South Korea: Cigarette sales plummet after price hike

A man smoking in the street in Seoul Image copyright AFP
Image caption Smoking is now banned in all restaurants, cafes and bars, unless they build ventilated smoking booths away from other customers

Tobacco sales have fallen sharply in South Korea after the price of cigarettes nearly doubled on New Year's Day, it's reported.

Last year, the country's parliament approved an 80% increase in the price of cigarettes, from 2,500 won ($2.25; £1.47) per packet to 4,500 won, in an effort to curb smoking. Tobacco sales fell by nearly half on New Year's Day compared to the previous year, industry sources tell the Korea Herald website, although some observers say the drop could also be because of "hoarding" prior to the price rise. The government is hoping it's a longer-term trend, and is forecasting that cigarette sales will fall by 34% in 2015. The country's smoking ban has also been expanded to include restaurants, bars and cafes of all sizes. It previously only applied to larger establishments.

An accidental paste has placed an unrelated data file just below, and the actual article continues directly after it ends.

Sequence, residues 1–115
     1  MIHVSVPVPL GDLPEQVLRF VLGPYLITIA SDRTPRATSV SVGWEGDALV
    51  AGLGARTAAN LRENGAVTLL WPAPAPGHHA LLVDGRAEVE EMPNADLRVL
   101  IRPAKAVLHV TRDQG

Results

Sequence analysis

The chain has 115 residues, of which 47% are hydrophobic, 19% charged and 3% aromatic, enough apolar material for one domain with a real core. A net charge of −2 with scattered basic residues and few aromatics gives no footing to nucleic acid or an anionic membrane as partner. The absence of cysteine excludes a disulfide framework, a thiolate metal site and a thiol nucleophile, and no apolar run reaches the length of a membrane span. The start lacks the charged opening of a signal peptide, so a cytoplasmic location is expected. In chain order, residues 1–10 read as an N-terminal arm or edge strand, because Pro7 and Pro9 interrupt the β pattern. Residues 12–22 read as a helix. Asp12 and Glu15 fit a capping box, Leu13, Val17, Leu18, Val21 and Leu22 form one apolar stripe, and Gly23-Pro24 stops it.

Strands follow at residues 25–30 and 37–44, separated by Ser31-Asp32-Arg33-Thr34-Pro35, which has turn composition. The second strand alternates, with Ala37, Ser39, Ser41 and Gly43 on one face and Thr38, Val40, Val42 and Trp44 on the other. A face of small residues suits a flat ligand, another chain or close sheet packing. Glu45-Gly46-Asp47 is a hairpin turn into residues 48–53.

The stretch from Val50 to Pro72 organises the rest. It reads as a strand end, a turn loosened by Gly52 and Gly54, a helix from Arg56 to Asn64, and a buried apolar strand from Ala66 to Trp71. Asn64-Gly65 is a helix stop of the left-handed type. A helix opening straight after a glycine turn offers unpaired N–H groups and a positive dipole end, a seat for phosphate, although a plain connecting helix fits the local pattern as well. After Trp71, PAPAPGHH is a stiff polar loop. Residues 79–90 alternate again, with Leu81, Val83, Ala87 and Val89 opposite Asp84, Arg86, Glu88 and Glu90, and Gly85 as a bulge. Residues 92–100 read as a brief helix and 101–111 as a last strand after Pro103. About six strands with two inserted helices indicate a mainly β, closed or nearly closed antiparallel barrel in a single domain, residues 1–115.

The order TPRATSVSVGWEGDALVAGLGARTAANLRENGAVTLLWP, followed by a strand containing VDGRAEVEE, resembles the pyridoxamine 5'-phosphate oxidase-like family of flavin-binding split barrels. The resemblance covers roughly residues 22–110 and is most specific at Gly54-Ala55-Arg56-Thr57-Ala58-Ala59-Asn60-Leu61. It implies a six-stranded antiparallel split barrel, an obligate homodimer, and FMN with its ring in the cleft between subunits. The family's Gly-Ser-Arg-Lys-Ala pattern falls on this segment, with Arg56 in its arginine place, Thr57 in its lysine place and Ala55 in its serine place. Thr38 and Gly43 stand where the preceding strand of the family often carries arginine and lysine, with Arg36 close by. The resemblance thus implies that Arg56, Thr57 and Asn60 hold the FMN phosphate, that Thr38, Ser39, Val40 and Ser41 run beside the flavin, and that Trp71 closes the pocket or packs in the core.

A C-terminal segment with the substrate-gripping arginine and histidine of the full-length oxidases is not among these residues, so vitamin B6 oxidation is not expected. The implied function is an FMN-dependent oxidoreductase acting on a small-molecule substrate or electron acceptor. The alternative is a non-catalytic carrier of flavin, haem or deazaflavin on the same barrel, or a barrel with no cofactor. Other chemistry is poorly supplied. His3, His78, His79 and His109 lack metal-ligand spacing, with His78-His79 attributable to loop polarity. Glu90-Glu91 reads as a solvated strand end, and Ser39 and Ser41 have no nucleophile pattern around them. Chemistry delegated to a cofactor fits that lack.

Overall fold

But the new policies have prompted a warning from the Koreans Smokers' Association. "If the government keeps pushing out smokers, they will not only find alternate places to smoke but also become more and more defiant against the policy," the organisation's president, Shin Min-hyeong, tells the Korea Joongang Daily. Smokers who don't fancy shelling out on a whole pack do have another option: Corner shops have started selling individual cigarettes again, the Korea Herald says, something that hasn't been seen in the country for years.

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